Now, how in the world is Paul go and call this church “holy”? If you look up the word “saints” in a thesaurus, the antonym would probably be “Corinthians”. There is nothing that you could term righteous, moral, or upright about their character. In fact, in some ways Paul says they’re worse than the surrounding pagan culture. And yet, time and again Paul does call them just that. What’s more, in chapter six after listing off a number of practices they were supposed to avoid, he says “And such were some of you. But you were washed, you were sanctified, you were justified in the name of the Lord Jesus Christ and by the Spirit of our God.” (1 Cor 6:11 )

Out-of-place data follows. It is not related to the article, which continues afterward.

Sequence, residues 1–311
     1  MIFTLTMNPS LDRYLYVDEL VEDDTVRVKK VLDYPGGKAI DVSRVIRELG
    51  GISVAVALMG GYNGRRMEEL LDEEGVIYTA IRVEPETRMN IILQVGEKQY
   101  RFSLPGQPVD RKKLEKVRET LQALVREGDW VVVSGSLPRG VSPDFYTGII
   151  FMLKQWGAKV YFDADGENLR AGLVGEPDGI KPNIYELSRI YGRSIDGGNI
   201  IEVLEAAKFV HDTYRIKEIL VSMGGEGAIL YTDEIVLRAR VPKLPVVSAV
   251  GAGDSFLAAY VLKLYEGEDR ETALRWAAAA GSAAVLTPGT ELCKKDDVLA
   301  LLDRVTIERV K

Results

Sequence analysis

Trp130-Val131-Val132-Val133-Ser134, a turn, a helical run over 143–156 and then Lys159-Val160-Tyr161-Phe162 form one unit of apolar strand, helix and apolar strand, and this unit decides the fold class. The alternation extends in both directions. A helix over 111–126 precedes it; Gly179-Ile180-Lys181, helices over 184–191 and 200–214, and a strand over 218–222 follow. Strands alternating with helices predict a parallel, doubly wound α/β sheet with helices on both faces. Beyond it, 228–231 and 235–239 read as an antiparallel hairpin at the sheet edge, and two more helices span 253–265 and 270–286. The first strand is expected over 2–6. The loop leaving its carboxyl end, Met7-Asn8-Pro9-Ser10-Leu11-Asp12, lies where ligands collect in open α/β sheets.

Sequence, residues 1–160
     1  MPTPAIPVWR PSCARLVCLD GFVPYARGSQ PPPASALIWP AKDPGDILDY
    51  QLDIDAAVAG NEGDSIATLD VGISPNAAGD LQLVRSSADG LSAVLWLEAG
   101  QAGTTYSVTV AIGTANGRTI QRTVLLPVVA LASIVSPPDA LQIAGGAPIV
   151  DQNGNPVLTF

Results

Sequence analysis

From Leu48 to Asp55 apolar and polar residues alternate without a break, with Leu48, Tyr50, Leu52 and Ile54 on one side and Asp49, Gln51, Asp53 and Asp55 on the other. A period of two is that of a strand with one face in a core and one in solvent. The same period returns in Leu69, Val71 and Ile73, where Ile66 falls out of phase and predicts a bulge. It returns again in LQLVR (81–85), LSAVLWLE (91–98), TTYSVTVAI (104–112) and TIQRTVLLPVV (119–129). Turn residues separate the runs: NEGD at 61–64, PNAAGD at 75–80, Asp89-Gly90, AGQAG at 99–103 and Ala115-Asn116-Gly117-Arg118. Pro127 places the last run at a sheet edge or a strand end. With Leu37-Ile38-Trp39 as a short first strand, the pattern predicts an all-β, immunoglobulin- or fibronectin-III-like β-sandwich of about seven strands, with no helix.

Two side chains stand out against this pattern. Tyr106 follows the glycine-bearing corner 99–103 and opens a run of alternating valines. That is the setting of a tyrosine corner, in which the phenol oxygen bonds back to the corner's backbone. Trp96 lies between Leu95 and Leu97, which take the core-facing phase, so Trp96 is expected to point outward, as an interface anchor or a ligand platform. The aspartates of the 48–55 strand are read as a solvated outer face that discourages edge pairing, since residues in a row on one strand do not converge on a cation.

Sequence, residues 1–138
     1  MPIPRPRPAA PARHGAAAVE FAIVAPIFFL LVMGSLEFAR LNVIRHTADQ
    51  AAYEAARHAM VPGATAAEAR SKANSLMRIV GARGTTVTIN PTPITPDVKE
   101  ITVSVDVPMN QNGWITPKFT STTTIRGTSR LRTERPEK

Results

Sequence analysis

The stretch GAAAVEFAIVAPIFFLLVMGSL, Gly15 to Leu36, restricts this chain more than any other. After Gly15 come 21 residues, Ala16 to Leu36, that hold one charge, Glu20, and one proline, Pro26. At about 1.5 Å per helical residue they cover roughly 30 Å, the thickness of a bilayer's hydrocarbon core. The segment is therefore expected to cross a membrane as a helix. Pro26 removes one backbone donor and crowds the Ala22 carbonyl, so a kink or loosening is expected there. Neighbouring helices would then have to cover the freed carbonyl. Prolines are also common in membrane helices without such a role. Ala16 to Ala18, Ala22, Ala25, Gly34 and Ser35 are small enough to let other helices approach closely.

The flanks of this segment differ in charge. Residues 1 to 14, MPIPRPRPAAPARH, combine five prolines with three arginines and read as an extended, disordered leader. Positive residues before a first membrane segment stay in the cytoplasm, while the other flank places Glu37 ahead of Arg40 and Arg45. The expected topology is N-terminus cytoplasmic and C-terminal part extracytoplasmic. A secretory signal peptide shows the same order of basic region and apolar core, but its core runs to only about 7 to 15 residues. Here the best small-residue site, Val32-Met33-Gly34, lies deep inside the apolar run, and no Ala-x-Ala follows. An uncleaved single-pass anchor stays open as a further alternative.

Did you see that? “You were sanctified” is talking about a past tense action that makes the believer holy starting at a particular point resulting in a continuous state of holiness in much the same way that in the text he speaks of justification as occurring at a specific point in time resulting in you now being “justified.”
For those of us raised in general evangelicalism this is not typically the way we think or speak. Generally we think of justification as the once and for all legal declaration by God that we are vindicated, pardoned, no longer held as guilty against the covenant because of Jesus’ death and resurrection and now part of the people of the Messiah. It’s what happens at the beginning of our experience that we look back at. Sanctification is then the process that begins afterwards and is the increasing growth in holiness that makes us look more and more like Jesus. It’s the life-long process of becoming righteous in our character.